Familial Hemiplegic Migraine

In: GeneReviews® [Internet]. Seattle (WA): University of Washington, Seattle; 1993.
[updated ].


Clinical characteristics: Familial hemiplegic migraine (FHM) falls within the category of migraine with aura. In migraine with aura (including FHM) the neurologic symptoms of aura are unequivocally localizable to the cerebral cortex or brain stem and include visual disturbance (most common), sensory loss (e.g., numbness or paresthesias of the face or an extremity), and dysphasia (difficulty with speech). FHM must include motor involvement, such as hemiparesis (weakness of an extremity). Hemiparesis occurs with at least one other symptom during FHM aura. Neurologic deficits with FHM attacks can be prolonged for hours to days and may outlast the associated migrainous headache. FHM is often earlier in onset than typical migraine, frequently beginning in the first or second decade; the frequency of attacks tends to decrease with age. Approximately 40%-50% of families with CACNA1A-FHM have cerebellar signs ranging from nystagmus to progressive, usually late-onset mild ataxia.

Diagnosis/testing: The clinical diagnosis of FHM can be established in a proband: (1) who fulfills criteria for migraine with aura; (2) in whom the aura includes fully reversible motor weakness and visual, sensory, or language symptoms; and (3) who has at least one first- or second-degree relative with similar attacks that fulfill the diagnostic criteria for hemiplegic migraine. The molecular diagnosis can be established in a proband by identification of a heterozygous pathogenic variant in ATP1A2, CACNA1A, or SCN1A.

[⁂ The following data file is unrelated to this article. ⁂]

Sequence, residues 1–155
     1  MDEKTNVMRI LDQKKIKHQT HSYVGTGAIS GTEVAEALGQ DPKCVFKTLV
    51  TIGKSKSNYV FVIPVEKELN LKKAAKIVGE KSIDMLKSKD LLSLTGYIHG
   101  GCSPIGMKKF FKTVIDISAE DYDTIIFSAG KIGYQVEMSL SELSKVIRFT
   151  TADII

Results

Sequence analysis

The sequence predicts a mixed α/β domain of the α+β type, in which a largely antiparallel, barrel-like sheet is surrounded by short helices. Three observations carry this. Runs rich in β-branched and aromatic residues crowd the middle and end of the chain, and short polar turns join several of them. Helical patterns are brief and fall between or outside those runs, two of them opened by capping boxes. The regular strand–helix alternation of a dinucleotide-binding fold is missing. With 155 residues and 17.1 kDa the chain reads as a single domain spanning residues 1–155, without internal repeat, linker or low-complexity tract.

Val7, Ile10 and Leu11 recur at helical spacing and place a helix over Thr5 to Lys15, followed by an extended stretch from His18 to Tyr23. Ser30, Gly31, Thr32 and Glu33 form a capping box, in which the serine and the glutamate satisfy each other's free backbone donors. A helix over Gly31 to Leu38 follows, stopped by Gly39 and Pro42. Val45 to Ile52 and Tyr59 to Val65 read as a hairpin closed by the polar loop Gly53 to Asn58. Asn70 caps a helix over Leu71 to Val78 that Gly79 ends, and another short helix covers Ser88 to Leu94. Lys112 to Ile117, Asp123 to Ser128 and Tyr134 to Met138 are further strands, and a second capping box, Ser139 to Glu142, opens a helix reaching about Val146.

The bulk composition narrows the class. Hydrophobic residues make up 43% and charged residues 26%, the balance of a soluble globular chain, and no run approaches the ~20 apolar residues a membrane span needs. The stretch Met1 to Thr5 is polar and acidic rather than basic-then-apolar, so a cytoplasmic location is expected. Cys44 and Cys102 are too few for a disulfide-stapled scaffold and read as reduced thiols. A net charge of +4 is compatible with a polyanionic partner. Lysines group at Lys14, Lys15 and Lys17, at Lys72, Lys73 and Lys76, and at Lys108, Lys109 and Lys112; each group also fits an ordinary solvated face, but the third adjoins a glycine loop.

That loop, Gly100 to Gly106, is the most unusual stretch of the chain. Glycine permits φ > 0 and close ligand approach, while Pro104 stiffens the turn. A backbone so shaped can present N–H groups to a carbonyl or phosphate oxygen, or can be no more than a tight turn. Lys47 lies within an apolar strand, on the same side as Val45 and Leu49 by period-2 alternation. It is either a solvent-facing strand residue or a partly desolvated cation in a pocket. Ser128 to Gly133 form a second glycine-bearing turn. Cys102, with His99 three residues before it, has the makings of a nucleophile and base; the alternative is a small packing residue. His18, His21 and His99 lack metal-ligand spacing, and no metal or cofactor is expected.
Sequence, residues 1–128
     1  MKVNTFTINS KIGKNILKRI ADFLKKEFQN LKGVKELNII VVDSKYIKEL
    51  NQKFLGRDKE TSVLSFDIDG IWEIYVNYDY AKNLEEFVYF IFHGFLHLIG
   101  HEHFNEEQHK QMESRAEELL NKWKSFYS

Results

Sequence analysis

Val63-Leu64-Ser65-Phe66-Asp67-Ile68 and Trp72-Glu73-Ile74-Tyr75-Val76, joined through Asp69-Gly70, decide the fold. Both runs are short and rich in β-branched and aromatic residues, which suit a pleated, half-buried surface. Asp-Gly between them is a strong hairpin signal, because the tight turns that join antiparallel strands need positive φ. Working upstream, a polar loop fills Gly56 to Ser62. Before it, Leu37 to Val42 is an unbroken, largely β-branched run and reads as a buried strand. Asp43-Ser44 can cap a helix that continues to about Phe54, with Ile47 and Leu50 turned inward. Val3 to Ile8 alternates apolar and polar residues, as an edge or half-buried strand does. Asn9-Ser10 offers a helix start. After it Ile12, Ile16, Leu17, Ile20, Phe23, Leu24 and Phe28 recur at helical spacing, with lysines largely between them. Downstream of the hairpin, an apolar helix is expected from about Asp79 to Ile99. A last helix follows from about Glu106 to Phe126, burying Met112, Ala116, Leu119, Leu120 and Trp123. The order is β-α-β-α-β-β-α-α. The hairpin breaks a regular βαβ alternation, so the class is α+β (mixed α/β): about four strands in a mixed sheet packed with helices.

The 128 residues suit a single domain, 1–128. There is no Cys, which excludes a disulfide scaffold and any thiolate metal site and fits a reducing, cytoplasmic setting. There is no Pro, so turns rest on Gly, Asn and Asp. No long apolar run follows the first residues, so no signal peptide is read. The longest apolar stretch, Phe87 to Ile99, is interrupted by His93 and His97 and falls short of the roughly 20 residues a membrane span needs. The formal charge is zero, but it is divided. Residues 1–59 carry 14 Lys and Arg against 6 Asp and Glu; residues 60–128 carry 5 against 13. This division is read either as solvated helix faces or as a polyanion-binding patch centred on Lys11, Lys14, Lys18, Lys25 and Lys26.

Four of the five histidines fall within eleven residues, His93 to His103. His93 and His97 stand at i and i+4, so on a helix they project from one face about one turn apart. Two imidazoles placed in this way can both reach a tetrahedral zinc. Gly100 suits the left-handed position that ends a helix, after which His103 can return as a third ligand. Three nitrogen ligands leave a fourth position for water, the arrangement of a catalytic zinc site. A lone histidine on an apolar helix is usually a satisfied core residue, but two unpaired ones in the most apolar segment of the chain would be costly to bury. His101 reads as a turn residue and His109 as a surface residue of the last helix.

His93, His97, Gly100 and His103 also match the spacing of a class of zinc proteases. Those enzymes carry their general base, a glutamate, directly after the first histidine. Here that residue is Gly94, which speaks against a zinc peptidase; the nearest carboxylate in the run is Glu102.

Management: Treatment of manifestations: A trial of acetazolamide for individuals with CACNA1A-FHM or a trial of prophylactic migraine medications (e.g., tricyclic antidepressants, beta blockers, calcium channel blockers, antiepileptic medications) for all FHM types may be warranted for frequent attacks. Antiepileptic treatment may be necessary for seizures, which are prevalent in ATP1A2-FHM.

Surveillance: Neurologic evaluation to assess change in attack frequency and/or seizures, annually or more frequently for worsening symptoms.

Agents/circumstances to avoid: Vasoconstricting agents because of the risk of stroke; cerebral angiography as it may precipitate a severe attack.

Genetic counseling: FHM and simplex hemiplegic migraine caused by a heterozygous ATP1A2, CACNA1A, or SCN1A pathogenic variant are inherited in an autosomal dominant manner. Because the diagnosis of FHM requires at least one affected first-degree relative, most individuals diagnosed with FHM have an affected parent. Individuals with simplex hemiplegic migraine (i.e., individuals with an FHM-causing pathogenic variant and an apparently negative family history) may have a de novo pathogenic variant or a pathogenic variant inherited from an asymptomatic parent. Each child of an individual with FHM has a 50% chance of inheriting the pathogenic variant. Once an FHM-causing pathogenic variant has been identified in an affected family member, prenatal testing for a pregnancy at increased risk and preimplantation genetic testing are possible.

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